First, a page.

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Leadership Expectations

We uphold the leadership qualifications prescribed in 1 Peter 5:2-3, 1 Timothy 3:2-7 and Titus 1:6-9.* In addition, we believe leaders should:

  • Be open to new vision and the dynamic changing nature of prevailing churches, yet understand, respect, and uphold the traditions of the Episcopal Church as outlined by The General Convention and The Book of Common Prayer.
  • Strive to lead people into a deeper relationship with Jesus Christ.
  • Be prayerful people who strive to have daily personal prayer time with the Lord.
  • Be committed to being good stewards of Church resources and personally strive towards tithing.
  • Be active pledging communicants committed to the mission, and vision, and values of St. James' Church.
  • Actively seek to live out the love of Jesus in all areas of their lives and ministry.
  • Be team players, willing to work together to bring glory to God and to mutually encourage and support one another.
  • Be humble and fundamentally understand that all glory and honor belongs to God.

* 1 Timothy 3:2; Titus 1:6: The language in these verses is gender exclusive and assumes a man married to a woman, reflecting the spirit of the times in which it was written. At St. James', in the tradition of the Episcopal Church and in accordance with Scripture, we wholly affirm the equal role of women at all levels of leadership in the church, both lay and ordained. We also accept those into leadership positions who are single or in committed, monogamous, loving, long-term relationships. There are times when marriage is not possible (e.g., widowed persons in a loving, committed relationship, but to marry would cause the loss of health insurance, social security, or other benefits.).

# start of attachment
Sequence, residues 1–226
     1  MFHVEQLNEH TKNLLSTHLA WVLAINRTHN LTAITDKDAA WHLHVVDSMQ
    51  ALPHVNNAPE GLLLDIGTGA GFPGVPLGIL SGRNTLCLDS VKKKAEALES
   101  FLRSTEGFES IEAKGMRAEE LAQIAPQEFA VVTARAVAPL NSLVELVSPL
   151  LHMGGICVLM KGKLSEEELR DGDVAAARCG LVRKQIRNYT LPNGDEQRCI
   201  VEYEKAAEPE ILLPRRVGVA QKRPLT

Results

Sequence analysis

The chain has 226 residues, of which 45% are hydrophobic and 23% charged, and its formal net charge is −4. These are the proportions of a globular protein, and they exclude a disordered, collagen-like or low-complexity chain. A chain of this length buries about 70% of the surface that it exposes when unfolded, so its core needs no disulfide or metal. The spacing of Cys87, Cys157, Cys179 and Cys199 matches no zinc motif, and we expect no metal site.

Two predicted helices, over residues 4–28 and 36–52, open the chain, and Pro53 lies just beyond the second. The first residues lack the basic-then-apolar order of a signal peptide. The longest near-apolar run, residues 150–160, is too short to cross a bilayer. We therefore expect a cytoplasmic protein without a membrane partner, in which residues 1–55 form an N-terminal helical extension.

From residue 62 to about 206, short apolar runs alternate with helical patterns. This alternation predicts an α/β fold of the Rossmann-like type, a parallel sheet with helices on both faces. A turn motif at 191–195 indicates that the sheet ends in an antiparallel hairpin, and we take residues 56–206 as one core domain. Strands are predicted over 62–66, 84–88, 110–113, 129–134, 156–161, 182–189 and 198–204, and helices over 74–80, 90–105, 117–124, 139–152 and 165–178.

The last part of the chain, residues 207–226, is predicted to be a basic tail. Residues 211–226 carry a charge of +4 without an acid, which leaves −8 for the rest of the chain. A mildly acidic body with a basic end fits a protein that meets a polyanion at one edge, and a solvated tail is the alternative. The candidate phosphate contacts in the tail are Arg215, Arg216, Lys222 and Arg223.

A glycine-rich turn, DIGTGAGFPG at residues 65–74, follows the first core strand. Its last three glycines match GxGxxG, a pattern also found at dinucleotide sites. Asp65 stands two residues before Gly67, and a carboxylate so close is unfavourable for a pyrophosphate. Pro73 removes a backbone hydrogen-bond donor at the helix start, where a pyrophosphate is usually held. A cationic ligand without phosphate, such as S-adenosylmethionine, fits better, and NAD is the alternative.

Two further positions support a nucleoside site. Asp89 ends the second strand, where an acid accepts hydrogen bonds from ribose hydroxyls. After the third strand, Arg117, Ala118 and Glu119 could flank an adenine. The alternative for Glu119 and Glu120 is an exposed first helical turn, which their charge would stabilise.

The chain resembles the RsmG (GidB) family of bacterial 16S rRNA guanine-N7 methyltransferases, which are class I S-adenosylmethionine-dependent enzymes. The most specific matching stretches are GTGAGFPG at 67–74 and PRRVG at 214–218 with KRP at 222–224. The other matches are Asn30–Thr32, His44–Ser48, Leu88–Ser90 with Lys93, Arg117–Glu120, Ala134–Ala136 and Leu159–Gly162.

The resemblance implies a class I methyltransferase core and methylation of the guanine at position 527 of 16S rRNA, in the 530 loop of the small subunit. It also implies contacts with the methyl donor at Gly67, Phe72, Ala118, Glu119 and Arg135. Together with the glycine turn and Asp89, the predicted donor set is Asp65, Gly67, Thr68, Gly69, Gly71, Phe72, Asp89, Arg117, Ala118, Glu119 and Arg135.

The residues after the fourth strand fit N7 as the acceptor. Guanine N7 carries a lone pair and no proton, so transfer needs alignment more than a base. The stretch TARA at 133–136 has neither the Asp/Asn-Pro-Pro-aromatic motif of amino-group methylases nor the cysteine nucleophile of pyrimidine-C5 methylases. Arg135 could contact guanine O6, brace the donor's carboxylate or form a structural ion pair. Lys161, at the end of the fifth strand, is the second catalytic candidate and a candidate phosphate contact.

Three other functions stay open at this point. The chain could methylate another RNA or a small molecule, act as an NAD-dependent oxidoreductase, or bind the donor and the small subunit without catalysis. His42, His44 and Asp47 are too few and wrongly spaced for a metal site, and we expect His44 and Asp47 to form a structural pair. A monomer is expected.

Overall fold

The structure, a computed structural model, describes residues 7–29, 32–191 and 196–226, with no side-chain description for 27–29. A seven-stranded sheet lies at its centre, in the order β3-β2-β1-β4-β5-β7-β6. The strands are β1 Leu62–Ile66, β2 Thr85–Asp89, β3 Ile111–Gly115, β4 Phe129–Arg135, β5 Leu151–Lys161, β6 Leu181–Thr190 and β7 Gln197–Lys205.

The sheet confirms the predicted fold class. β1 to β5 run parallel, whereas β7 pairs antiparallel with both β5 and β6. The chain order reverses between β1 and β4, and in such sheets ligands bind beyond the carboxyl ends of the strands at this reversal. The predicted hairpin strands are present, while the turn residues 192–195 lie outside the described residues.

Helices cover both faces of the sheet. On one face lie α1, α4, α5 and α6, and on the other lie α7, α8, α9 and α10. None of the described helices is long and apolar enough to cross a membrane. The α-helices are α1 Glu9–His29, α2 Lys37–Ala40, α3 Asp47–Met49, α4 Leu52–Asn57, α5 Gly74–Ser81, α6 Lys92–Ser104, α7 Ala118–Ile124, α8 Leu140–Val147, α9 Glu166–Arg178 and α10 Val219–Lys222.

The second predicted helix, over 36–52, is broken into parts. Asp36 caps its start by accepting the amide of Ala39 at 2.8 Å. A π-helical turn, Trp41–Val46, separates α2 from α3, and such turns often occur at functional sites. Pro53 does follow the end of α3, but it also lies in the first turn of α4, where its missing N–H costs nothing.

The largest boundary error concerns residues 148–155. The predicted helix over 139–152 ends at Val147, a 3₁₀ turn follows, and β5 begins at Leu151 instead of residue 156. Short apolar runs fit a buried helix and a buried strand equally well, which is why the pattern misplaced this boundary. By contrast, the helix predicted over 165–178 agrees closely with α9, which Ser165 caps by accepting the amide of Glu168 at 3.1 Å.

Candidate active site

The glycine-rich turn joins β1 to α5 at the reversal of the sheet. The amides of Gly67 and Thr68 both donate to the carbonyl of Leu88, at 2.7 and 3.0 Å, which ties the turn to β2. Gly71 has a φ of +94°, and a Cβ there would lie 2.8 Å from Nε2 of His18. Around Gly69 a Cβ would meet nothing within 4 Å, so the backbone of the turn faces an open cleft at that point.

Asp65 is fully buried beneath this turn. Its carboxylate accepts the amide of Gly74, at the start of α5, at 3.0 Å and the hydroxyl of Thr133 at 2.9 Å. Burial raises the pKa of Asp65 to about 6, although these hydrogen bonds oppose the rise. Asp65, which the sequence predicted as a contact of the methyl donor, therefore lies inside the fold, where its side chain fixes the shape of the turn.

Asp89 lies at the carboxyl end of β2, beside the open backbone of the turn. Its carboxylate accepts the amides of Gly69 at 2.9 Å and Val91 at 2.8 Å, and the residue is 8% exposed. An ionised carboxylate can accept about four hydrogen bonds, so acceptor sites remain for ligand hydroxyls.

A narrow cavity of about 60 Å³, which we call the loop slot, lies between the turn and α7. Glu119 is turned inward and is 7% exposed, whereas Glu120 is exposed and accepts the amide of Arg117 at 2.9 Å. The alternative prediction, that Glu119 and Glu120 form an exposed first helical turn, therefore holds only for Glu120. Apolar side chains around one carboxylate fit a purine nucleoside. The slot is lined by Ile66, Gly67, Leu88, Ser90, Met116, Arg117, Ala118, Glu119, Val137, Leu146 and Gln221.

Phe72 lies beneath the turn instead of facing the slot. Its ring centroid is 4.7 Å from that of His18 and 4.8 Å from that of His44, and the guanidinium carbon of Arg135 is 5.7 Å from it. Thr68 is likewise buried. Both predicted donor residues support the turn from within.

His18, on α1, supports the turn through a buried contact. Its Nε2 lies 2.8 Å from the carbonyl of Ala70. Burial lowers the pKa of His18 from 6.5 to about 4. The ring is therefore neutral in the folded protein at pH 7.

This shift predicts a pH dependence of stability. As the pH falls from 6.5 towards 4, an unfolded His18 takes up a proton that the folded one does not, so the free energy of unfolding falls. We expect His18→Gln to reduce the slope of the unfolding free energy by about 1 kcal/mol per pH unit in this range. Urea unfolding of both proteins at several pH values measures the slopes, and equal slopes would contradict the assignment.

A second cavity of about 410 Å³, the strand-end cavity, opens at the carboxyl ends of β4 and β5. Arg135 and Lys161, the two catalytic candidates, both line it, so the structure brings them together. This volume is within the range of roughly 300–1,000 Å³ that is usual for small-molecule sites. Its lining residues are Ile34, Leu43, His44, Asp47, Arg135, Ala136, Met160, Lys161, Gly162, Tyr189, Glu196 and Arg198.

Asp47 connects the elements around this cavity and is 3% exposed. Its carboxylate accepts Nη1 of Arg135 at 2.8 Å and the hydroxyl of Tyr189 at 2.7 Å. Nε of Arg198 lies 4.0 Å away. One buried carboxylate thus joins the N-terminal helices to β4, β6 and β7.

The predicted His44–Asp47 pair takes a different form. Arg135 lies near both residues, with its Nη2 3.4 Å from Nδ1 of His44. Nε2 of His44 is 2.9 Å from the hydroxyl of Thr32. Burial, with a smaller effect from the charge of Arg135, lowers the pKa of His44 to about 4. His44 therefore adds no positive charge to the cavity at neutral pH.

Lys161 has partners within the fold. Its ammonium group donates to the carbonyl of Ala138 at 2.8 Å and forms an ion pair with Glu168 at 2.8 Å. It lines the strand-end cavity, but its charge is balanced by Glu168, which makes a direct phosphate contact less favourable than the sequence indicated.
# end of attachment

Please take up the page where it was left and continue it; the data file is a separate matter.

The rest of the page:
1 Timothy 3:4-5; Titus 1:6: The intent of these passages is not to suggest that all leaders must have children or be parents. What is clear is that if one does have children, that a leader will be a loving, committed, and attentive parent meeting the needs of the child as God would have the parent meet those needs. Again, this passage reflects the spirit of the times in which it was written.




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